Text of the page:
Fast vanishing premium guests

The Wall Street Journal reports on woes in the airline industry with an article headlined “Economy Takes Toll on Premium Airline Passengers. The financial crisis has hit, among others, British Airways which has a lot of exposure to the banking sector on its London-New York route and its flights to other finance centers, including Hong Kong and Tokyo. The airline has lost first- and business-class traffic by as much as 9% in September from a year earlier. That slowdown has impacted other travel areas such as Asia as well.

The same report notes that the ‘lodging business hasn’t escaped unscathed’ with some higher-end hotels making inventory available to segments like airline crews, government travelers that. That “cannibalizing” of business heretofore spurned, can only have a negative cascading effect on hotels that made do with that end of the customer continuum.

The New York Times also has a report with a stark headline that reads “Travel Industry Shaken By Economic Downturn”. The article notes that domestic hotel occupancy down 5 percent from the previous September and “the higher-price segment of the hotel industry, which had been holding its own, now also seems to be feeling the pain”. Adding to that economic pain has been the faster rate of cancellations of existing reservations which are now running about 50 percent above normal at full-service hotels according to Bjorn Hanson, of the Tisch Center for Hospitality, Tourism and Sports Management at New York University.

Other parts of the country do not seem to be faring much better. The Miami Herald has a report headlined “South Florida luxury hotels tested in hard times”. Apparently “the boom times are over for South Florida’s young roster of ultra-luxury hotels as a global slowdown could show whether the region has put too much stock in wealthy travelers”. The article quotes the sales director of the luxury hotel, the Setai who predicts that a sizable number of guests this winter will balk at the South Beach resort’s $1,100 standard daily rate, forcing him to extend a $620 weekday special into the weekend.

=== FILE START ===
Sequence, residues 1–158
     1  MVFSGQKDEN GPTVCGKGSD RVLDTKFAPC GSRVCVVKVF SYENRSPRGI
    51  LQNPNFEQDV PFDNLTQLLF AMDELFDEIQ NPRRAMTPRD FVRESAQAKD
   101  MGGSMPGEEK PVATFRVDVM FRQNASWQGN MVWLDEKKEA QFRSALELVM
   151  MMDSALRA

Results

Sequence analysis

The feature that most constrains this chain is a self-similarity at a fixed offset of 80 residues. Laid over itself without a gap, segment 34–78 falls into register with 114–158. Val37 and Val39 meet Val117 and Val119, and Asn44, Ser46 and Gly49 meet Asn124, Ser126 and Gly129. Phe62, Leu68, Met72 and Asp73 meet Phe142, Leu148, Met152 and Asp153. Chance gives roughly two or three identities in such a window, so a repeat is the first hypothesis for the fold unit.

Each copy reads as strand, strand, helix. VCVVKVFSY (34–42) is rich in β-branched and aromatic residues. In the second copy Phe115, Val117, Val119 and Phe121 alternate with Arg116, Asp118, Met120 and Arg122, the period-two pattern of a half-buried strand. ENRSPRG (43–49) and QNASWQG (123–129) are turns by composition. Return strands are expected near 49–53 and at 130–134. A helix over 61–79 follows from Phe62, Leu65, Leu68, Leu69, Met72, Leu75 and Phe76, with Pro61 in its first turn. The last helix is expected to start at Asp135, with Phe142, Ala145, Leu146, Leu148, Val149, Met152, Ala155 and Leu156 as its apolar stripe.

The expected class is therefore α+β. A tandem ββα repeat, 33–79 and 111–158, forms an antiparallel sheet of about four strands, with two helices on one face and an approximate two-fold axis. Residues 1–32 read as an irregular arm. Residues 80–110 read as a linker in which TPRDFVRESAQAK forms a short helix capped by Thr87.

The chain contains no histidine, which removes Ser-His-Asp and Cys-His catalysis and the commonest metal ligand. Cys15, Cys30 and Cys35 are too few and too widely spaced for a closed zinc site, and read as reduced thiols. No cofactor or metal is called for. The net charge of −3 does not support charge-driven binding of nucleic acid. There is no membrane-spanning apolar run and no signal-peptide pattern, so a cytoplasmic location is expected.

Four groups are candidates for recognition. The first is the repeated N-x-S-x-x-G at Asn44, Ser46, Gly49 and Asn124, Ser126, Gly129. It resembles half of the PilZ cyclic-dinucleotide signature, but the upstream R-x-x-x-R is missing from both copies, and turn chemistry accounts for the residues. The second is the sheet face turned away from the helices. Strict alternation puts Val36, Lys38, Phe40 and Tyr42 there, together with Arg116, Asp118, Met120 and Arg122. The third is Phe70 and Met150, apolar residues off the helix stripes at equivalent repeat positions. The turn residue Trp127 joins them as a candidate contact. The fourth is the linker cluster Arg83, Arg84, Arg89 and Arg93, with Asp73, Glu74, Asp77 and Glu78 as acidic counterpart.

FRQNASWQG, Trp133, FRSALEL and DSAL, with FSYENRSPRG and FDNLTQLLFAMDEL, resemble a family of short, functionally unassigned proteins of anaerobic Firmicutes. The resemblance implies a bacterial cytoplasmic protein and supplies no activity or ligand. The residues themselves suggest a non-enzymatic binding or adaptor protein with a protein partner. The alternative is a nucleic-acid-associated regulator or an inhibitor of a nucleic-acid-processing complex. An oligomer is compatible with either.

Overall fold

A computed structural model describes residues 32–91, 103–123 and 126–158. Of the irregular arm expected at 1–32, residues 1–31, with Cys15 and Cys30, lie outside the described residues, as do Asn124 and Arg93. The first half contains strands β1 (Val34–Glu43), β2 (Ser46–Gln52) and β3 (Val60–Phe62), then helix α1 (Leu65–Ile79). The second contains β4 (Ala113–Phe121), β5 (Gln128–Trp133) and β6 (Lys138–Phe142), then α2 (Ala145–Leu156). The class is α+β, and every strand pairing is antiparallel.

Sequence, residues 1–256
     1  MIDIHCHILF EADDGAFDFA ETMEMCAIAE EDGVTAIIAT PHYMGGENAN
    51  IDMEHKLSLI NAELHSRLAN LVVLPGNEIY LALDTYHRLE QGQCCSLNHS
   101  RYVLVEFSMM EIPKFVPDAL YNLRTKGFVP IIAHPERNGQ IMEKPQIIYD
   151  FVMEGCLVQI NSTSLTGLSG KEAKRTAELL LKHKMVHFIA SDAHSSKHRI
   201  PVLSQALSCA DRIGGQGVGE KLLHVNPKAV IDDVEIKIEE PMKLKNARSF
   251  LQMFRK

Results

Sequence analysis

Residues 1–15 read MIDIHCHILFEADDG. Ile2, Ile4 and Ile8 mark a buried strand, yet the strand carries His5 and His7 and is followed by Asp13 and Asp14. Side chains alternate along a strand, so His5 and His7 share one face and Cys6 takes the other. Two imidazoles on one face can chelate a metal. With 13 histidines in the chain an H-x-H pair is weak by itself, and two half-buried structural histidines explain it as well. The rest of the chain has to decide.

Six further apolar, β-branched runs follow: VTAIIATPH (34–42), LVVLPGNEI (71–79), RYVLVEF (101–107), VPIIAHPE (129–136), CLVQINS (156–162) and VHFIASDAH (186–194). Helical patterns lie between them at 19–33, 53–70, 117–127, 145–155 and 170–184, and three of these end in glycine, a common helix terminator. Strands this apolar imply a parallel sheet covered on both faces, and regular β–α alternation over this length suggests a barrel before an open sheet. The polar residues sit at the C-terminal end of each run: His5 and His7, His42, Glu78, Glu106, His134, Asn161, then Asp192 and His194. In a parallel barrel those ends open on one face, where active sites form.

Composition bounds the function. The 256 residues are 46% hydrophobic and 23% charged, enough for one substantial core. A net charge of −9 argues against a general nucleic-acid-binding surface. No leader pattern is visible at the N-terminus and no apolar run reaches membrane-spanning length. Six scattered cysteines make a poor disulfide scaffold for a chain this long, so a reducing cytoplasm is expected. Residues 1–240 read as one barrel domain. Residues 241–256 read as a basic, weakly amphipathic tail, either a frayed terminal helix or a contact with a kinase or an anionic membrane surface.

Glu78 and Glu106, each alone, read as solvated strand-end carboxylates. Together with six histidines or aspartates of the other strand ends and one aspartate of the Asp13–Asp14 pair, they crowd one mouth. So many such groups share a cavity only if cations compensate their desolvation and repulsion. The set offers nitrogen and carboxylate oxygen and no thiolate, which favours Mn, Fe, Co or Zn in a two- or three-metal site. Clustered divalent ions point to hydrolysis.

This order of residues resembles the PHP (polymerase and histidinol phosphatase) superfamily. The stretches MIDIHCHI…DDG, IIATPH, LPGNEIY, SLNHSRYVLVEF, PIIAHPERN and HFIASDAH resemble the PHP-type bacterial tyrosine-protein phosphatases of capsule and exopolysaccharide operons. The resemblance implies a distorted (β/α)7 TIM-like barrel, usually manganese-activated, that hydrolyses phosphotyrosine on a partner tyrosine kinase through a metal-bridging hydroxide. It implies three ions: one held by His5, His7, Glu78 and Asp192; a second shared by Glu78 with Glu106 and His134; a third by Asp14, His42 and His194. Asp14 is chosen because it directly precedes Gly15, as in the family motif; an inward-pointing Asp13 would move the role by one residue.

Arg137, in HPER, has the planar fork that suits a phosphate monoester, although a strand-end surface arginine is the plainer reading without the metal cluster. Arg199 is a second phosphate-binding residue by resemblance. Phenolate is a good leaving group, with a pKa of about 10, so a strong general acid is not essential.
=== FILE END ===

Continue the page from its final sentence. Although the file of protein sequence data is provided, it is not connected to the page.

At another part of the country in Beaumont, TX in a distinctly different segment a very different (and heartening) story is playing out with the Beaumont Enterprise reporting that “Hotels full; grab a room at checkout if you can”. The reason Southeast Texas hotels are full has a simple explanation: Hurricane Ike. Many hotels and inns are still waiting to reopen because of damage from the Sept. 13 storm while others are filled with contractors and relief workers. The Beaumont Convention and Visitors Bureau. notes that there are”stories of people going from hotel to hotel trying to find a room. It’s a crapshoot with the demand for hotels so great that the bureau receives around 30 to 35 calls a day about hotel rooms, which is up from pre-Ike average of five calls a day”.

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Vijay Dandapani

Co-founder and president of a New York based hotel company for 24 years. Grew the firm to five hotels in Manhattan and also developed a greenfield project at MacArthur airport, New York. Speaker at numerous prestigious forums including Economy Hotels World Asia, Lodging Conference, NYU, Columbia University Real Estate Roundtable, Baruch College's Zicklin School and ALIS. President and ceo of New York City Hotel Association since January 2017.

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